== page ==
In one particular preferred embodiment, an extensible air duct is provided between the top rail (or slide) of a chassis mount and the bottom rail thereof. A box-shaped plenum mounted between the lower rails has openings on its back surface and at least one side surface and is in fluid communication with the side-mounted, extensible air duct. Warm exhaust air exiting the side of a chassis enters and inflates the air duct and is channeled into the plenum which redirects the warm air to an exit at the rear of the enclosure. In this way, the desired front-to-back cooling air flow within a rack mount enclosure may be maintained even if one or more individual chassis mounted in the enclosure have side cooling air exhausts. For the purposes of this disclosure, the cooling air intake side of an enclosure or a chassis (the side facing a “cold aisle”) is denominated the “front side” thereof and the opposing, warm air exhaust side (facing a “hot aisle”) is the “back” or “rear side.”
In other embodiments of the invention, an extensible duct deploys from the side of a chassis and redirects warm exhaust air exiting the chassis from vents in the side panel of the chassis towards the rear of an enclosure in which the chassis is mounted. When in the retracted position, the duct provides clearance between the side of the chassis and the enclosure's mounting posts. This feature enables the chassis to slide at least partially out of the enclosure on conventional slide extensions or the like. When the extensible duct is in the extended position, the duct can expand to maximize the plenum volume inside the duct, which may increase thermal performance of the system. The duct can conform to the physical limitations of a rack cabinet in which a cooling system according to the invention is installed.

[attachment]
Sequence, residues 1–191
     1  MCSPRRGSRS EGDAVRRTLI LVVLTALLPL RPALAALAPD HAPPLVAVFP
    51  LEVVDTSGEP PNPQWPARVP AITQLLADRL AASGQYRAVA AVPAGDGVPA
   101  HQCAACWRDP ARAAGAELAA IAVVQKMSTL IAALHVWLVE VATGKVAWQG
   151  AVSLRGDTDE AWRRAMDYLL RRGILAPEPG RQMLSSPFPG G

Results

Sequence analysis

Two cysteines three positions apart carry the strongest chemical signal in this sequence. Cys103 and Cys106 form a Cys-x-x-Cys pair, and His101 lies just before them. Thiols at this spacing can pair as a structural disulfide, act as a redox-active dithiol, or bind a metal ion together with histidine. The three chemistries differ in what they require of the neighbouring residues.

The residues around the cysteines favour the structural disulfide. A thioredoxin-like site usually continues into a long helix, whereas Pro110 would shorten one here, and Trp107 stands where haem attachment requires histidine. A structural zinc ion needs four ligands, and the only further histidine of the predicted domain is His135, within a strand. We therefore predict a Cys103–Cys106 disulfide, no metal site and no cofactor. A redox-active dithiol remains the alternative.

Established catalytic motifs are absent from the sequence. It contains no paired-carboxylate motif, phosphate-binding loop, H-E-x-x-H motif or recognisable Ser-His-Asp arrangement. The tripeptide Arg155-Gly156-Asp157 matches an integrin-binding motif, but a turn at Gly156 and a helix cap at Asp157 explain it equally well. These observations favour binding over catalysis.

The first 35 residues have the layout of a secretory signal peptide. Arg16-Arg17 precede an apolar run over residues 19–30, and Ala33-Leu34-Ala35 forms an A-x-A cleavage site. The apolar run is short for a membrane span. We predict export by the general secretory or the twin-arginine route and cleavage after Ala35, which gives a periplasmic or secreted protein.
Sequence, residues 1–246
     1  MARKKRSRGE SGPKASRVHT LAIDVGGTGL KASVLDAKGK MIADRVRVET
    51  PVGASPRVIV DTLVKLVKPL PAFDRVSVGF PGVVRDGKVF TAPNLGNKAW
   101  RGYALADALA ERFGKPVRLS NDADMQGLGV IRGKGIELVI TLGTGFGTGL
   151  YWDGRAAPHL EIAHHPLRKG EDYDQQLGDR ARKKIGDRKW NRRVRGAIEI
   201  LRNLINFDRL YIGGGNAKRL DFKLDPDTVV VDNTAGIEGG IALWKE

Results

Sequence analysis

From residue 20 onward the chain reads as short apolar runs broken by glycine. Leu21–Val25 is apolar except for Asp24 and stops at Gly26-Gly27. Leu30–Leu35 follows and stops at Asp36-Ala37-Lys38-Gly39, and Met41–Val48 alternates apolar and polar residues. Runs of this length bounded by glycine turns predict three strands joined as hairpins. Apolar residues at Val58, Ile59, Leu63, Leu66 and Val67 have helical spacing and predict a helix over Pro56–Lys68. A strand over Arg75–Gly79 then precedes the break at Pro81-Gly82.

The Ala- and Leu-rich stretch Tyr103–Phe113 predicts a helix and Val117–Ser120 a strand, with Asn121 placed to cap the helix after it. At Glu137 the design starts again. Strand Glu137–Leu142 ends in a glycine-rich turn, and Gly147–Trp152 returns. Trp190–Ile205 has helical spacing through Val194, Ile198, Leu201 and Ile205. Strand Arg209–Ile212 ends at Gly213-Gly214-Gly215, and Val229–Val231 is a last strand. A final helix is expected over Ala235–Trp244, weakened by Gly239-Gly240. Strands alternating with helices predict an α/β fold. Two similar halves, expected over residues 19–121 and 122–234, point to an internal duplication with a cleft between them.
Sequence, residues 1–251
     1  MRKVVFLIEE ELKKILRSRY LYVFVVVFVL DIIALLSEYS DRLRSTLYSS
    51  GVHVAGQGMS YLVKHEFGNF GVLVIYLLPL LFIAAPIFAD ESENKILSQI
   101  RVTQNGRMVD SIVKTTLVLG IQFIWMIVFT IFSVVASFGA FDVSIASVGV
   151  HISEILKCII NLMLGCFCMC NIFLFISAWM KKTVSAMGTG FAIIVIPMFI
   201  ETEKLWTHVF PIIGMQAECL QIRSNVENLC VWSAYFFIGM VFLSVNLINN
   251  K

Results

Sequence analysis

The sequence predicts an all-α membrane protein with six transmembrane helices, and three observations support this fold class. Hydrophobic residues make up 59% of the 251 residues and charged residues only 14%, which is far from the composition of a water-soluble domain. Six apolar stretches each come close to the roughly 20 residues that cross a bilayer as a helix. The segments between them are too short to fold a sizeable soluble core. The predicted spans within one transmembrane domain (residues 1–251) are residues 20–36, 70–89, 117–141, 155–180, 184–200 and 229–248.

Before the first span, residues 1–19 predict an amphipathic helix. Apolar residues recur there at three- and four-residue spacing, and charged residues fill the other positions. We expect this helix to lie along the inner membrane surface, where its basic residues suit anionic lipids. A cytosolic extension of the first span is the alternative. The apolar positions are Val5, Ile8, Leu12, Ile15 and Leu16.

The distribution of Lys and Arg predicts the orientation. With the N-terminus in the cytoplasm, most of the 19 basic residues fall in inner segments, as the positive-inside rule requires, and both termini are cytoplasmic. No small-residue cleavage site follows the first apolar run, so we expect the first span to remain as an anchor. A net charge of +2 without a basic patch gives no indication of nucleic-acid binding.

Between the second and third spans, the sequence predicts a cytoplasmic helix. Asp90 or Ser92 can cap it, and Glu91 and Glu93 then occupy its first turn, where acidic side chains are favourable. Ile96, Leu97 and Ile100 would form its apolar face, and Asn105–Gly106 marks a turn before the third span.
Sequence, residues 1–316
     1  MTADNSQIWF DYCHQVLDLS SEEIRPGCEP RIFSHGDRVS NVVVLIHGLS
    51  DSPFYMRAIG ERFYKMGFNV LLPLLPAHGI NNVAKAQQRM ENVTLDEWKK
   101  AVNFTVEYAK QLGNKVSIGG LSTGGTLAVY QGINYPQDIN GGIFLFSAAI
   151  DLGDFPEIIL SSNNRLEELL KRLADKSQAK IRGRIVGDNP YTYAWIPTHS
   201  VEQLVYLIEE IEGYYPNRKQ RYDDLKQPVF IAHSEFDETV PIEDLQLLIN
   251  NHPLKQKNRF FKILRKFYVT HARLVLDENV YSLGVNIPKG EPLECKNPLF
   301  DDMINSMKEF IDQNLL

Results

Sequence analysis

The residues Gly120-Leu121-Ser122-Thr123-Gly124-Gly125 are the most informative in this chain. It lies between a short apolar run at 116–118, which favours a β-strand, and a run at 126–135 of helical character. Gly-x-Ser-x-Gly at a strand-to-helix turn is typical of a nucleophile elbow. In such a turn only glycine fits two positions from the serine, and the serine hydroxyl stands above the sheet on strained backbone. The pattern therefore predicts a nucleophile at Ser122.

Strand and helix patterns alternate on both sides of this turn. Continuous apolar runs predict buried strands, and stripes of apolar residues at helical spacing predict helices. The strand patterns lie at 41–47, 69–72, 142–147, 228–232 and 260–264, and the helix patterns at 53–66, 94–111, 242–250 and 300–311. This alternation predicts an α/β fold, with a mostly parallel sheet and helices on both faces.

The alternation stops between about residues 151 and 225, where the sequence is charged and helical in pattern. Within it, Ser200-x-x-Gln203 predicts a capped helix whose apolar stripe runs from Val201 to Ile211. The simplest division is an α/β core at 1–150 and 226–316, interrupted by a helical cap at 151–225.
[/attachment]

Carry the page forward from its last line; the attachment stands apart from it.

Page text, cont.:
The invention may best be understood by reference to the various illustrative embodiments shown in the drawing figures.
For rack mounting, exhaust shelf 12 may comprise front mounting tabs 22 and corresponding rear mounting tabs (not shown).